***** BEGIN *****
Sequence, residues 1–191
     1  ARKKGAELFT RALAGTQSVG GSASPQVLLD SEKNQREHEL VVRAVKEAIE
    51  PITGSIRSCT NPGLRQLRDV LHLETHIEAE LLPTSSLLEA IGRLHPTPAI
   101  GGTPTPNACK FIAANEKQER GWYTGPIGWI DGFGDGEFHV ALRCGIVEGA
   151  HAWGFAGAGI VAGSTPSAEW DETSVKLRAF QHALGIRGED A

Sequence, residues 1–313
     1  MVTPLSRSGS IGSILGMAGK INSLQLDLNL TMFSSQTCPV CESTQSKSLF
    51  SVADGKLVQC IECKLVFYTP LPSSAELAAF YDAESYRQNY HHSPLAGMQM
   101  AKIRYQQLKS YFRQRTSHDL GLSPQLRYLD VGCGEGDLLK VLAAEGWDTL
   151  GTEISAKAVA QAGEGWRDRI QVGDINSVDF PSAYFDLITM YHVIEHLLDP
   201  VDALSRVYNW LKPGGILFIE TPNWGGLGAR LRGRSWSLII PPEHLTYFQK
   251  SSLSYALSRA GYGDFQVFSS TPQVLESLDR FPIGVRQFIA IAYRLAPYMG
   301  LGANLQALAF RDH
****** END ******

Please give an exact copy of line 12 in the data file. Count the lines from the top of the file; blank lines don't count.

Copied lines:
   251  SSLSYALSRA GYGDFQVFSS TPQVLESLDR FPIGVRQFIA IAYRLAPYMG